Indian-origin researcher Dr Abhishek Jain, from the Department of Biomedical Engineering at Texas A&M University in the US, and his team are developing a vessel-chip technology for more personalised pharmaceutical drug testing. 

Jain’s lab, which also has Dr Tanmay Mathur in the team, received a grant from Texas A&M Innovation to continue developing an advanced vessel-chip deployment platform for large-scale pharmaceutical testing.

According to him, this system can be used from discovery all the way to the translational pipeline, where you can immediately initiate informed clinical trials of venous, vascular and hematological diseases and know what the outcome on an actual human might be.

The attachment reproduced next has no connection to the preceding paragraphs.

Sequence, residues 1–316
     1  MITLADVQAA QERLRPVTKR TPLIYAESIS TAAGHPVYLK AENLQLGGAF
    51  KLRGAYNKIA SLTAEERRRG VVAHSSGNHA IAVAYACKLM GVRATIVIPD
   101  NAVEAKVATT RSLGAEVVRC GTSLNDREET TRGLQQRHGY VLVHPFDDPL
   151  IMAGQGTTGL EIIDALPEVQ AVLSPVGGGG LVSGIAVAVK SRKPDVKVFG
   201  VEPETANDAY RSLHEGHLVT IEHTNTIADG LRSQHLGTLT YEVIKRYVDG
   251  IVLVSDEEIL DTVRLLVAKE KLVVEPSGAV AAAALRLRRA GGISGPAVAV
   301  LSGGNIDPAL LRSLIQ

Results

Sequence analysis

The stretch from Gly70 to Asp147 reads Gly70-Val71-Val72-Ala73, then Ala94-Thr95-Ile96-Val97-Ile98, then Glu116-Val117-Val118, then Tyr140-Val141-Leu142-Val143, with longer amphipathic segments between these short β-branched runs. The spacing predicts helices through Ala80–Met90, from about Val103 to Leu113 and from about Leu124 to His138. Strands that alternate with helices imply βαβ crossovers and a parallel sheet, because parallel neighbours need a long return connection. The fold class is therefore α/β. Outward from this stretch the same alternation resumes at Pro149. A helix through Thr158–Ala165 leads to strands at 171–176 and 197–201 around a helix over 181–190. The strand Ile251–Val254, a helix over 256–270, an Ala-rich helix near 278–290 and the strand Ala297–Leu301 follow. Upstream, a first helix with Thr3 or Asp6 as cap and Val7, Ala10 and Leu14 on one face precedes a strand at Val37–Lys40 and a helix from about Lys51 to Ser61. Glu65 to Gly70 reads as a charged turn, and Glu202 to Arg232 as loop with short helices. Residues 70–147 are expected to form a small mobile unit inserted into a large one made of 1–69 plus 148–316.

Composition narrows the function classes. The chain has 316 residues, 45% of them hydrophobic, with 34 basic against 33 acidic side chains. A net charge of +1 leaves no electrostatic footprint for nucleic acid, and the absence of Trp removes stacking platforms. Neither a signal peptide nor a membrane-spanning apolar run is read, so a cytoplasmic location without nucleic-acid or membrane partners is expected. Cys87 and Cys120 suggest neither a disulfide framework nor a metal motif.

“You can fine-tune your clinical trials or reduce the length of the clinical trials and make them much more efficient,” he said in a university statement.

Jain and his lab have focused their research efforts on creating blood and lymphatic vessel-chips.

These are tissue-engineered microfluidic devices that mimic human circulatory systems and provide a platform for preclinical drug discovery.

His work has culminated in the founding of a startup company with his current and past trainees.

The Texas A&M Innovation Translational Investment Fund (TIF) grant will help build confidence in customers by ensuring that the vessel-chips are reliable, reproducible and automated for ease of use, according to researchers.

Jain said the momentum offered by the TIF also allowed him to hire Dr. Tanmay Mathur, a previous graduate student of Jain’s, to help make the startup successful.

(Except for the headline, this story, from a syndicated feed, has not been edited by Odishatv.in staff)

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